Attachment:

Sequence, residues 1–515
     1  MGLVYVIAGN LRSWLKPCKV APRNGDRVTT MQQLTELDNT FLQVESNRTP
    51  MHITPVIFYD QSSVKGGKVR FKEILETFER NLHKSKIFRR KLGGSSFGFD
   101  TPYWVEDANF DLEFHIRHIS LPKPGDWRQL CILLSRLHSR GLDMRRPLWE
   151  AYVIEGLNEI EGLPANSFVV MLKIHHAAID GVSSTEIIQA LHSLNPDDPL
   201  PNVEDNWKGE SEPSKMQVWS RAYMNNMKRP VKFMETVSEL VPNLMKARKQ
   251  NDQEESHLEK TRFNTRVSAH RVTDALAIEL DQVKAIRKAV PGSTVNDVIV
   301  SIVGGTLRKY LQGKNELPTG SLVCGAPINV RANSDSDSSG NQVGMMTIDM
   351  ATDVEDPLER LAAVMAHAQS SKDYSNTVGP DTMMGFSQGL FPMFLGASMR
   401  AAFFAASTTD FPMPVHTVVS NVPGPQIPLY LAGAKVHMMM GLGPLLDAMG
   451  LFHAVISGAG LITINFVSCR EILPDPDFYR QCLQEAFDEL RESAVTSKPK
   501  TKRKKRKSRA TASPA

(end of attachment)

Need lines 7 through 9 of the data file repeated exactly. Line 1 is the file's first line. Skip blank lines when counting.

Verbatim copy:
   251  NDQEESHLEK TRFNTRVSAH RVTDALAIEL DQVKAIRKAV PGSTVNDVIV
   301  SIVGGTLRKY LQGKNELPTG SLVCGAPINV RANSDSDSSG NQVGMMTIDM
   351  ATDVEDPLER LAAVMAHAQS SKDYSNTVGP DTMMGFSQGL FPMFLGASMR